Preceding the symphony on this disc is the ‘Lieder eines fahrenden Gesellen’ (‘Songs of a Wayfarer’), the musical source for much of the symphony’s mood and material. Christopher Maltman gives a fine performance of the songs, not hesitating to commit to the extreme lovelorn moods essayed here. Perhaps he could convey a touch more vulnerability by opening up his voice when the lines go up higher, but his manner works effectively enough. My one big complaint, however, lies again with the recording. Having heard Mahler songs live in concert, I know full well that Mahler was rough on singers, always placing his orchestrations right on that line where they could drown the soloist out if he or she doesn’t project vigorously. So I have no great complaint if a little judicious miking of the soloist is done in recordings to help him stay afloat in a vast sea of orchestral sound. But to have a reasonable room perspective on the orchestra mixed together with a “close-up” of the singer doesn’t cut it in my book. Part of the problem is that the initial recording was done this way, and then when the multichannel mix was made, it brought the spotlit voice even further out into the room because of its three-dimensional perspective. So here the surround sound mix exaggerates an already exaggerated recording perspective. Blame pop music, I suppose, because even the regular Red Book layer of this hybrid disc has a more spotlit singer than any older recording I listened to for comparison (Fischer-Dieskau, Hampson, etc). Classical recordings have been getting more and more “pop” like this in recent years, relegating the composer’s vision further and further off into the rubbish bin of quaint notions. But Mahler is one composer who knew exactly what he wanted. If he had wanted his songs to sound like the singer was standing in the front row while the orchestra was at the back of the stage, he damned well would have told them to set up in exactly that configuration.
The surround mix may well be part of the problem in the symphony, too. I found that the “veil” effect was lessened when I switched to the stereo-only layer of the super audio content. Switching over to the stereo Compact Disc layer flattened the aural image a little, but still the veil seemed less. Moving back to the 5.1 multichannel mix, I found that if I sat in front of the normal focal spot of my sound system, the veil was a little less blurry. It seems that a slight increase of basic microphone distance (compared to earlier recordings in the series), combined with a slightly over-enthusiastic use of the rear channels creates the acoustic fog here that slightly obscures the efforts of conductor and orchestra. In the end, this is not a “deal-breaker.” I wouldn’t let it stop anyone from buying this disc who likes Zander’s approach. It can be helped with a movement in your seating position, or even just by turning your speakers a touch rearward. Those without surround sound capabilities will probably merely find the recording slightly on the boomy side. In other words, I’m splitting hairs, because Telarc is one of the finest in the business, and we expect the best from them.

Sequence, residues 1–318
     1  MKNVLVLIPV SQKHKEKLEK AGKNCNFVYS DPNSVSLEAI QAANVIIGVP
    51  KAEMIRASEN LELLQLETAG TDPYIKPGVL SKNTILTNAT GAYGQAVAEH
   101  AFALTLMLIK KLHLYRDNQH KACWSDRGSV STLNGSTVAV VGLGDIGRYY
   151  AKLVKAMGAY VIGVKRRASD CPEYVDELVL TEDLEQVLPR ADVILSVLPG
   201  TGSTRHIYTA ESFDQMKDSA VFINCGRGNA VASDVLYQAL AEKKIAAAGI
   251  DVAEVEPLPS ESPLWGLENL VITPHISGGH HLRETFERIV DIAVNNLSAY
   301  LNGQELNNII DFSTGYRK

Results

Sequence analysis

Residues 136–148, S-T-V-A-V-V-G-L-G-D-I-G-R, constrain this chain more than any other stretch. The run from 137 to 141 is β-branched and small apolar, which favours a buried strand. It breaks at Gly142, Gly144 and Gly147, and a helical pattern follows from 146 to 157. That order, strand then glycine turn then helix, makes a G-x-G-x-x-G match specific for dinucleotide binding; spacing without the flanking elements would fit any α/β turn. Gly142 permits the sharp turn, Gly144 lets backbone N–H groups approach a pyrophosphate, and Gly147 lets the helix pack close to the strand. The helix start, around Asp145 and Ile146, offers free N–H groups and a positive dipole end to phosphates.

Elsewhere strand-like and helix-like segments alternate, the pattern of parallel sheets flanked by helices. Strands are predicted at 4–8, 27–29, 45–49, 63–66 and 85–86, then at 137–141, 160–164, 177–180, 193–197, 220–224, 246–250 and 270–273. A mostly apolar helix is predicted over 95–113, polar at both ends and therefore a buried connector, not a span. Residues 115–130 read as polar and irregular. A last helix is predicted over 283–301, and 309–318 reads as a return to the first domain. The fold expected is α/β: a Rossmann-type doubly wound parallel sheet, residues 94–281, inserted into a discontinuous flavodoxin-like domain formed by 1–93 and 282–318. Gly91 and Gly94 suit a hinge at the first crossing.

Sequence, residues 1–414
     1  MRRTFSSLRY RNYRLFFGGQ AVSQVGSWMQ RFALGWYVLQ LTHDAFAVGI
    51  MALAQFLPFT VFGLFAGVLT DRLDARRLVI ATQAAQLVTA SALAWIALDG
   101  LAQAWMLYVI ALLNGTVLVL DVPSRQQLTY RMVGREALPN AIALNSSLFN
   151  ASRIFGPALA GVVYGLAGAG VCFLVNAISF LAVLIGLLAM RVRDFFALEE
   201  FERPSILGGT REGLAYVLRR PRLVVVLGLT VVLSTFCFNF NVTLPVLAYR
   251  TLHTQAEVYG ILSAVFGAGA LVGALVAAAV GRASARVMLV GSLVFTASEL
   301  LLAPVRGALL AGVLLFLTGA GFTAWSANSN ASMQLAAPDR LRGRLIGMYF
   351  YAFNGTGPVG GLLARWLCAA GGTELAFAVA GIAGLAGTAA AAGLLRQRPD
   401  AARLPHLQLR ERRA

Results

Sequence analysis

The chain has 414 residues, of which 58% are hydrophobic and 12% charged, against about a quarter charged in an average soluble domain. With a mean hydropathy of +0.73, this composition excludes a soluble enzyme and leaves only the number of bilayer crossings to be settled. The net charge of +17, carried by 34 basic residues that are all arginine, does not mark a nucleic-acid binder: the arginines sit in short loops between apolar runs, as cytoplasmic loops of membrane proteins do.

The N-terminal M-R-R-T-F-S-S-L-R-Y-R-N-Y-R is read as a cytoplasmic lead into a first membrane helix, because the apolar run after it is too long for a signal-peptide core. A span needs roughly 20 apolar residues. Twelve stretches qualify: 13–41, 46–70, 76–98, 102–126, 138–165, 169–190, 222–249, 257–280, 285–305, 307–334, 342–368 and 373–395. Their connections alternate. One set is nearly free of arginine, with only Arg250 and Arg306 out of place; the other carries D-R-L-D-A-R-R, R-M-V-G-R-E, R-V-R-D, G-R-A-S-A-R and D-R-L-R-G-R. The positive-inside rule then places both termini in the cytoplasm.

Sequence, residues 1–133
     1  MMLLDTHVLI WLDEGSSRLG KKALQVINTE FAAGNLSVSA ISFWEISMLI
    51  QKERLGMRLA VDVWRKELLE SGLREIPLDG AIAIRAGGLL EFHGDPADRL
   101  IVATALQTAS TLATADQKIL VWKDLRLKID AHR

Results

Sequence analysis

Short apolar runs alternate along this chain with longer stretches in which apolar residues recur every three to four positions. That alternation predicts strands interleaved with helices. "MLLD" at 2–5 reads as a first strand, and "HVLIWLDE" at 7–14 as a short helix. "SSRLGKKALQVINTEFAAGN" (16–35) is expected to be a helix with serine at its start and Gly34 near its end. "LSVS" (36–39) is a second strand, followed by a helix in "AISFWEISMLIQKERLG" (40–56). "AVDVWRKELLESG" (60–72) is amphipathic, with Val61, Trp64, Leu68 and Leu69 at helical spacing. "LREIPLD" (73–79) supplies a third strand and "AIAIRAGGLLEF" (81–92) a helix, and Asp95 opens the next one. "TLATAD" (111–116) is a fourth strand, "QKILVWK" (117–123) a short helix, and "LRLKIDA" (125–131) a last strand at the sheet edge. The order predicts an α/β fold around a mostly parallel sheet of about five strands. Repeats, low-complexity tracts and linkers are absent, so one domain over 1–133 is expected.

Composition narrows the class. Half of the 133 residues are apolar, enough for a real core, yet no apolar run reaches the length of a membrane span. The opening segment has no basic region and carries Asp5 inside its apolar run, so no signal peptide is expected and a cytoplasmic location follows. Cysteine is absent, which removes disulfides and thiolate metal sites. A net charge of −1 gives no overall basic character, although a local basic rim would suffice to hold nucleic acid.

In the end, I would rank this disc in the top ten recordings of Mahler’s ‘Symphony No. 1’. A little more clarity in recorded sound and a little more frisson from the conductor and orchestra might have brought it into the top handful, but it stands respectably as it is. Zander fans and Mahlerians will find this release compulsory, but even general listeners new to Mahler should keep in mind that all of Zander’s Mahler cycle on Telarc comes accompanied by a free discussion Compact Disc where Zander talks about the music and presents excerpts to illustrate his points. These lecture discs are valuable, persuasively-written guides that help both novice and grizzled veteran more closely understand Mahler and the composer’s performers, too.